Build Boston Booms
by Evan H. Shu, FAIA
An excellent way to keep current in the architectural world is to attend the Build Boston conference held every November. This year's event shattered previous records with 13,000 participants attending over 260 seminars and workshops led by industry professionals from around the United States.
One highlight of the three-day conference was an update on the design process for the World Trade Center site in New York City. In "The Rebirth of Lower Manhattan: One Year Later," key designers and planners described the history and future of this massively complicated project.
Eventually the new development will contain a memorial, retail space, and perhaps as much as 10 million square feet (0.9 million square meters) of office space, all built around and over a complex node of transportation lines involving ferries, rail, and subway systems. By necessity, much of the design for a fully rebuilt transportation system is underway, but Port Authority of New York and New Jersey architect Robert Davidson explained that it incorporates some flexibility to accommodate unknown future development above ground.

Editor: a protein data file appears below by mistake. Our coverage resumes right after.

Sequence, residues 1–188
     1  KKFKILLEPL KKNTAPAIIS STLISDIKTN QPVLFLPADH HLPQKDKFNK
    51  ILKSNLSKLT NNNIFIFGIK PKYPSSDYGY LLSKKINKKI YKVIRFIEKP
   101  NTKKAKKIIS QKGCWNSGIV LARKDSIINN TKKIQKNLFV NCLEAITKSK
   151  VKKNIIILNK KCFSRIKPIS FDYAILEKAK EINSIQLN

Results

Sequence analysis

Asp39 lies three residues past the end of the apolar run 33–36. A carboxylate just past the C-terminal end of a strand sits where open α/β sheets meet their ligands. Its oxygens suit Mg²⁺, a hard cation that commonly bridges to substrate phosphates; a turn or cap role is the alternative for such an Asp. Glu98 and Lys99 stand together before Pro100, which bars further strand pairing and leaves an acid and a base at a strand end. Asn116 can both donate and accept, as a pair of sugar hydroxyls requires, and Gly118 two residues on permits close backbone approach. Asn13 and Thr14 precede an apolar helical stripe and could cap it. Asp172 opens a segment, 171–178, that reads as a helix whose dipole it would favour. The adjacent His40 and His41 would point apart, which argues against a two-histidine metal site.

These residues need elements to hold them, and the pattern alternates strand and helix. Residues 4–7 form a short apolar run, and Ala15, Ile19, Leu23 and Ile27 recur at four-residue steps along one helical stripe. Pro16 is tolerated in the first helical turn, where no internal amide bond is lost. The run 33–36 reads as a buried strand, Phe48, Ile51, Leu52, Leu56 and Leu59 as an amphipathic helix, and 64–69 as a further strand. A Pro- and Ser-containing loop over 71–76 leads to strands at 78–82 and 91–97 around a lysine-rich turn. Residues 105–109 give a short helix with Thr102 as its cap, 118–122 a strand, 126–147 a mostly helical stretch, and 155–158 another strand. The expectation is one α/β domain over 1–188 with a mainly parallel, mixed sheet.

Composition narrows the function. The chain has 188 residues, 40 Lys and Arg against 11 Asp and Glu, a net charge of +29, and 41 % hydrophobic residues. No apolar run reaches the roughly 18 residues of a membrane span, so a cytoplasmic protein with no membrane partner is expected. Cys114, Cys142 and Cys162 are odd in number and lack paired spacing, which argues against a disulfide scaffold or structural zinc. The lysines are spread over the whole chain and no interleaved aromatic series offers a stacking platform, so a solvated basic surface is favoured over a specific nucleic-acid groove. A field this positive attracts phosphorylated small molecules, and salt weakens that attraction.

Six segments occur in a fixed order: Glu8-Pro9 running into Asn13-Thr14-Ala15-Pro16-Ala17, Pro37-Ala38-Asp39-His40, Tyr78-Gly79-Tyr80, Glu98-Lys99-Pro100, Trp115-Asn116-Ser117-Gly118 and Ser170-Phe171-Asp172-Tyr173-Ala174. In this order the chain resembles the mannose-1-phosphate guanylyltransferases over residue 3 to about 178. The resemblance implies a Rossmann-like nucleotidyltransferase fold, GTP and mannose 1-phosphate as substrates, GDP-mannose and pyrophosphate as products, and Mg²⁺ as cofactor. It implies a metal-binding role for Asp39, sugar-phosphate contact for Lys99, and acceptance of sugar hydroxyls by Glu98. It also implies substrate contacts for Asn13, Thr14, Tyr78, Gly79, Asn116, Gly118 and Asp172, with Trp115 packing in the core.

Helping guide the way is New York New Visions, a pro-bono coalition of 21 architecture, engineering, planning, and design organizations. They are advising the state- and city-created Lower Manhattan Development Corporation (LMDC), which is overseeing and coordinating the site's long-term redevelopment. >>>
At Build Boston in November 2002, much attention focused on rebuilding Manhattan's World Trade Center site.
Great Buildings Photo by Greenstreet
The initial six concept schemes for the World Trade Center site met with great public criticism.
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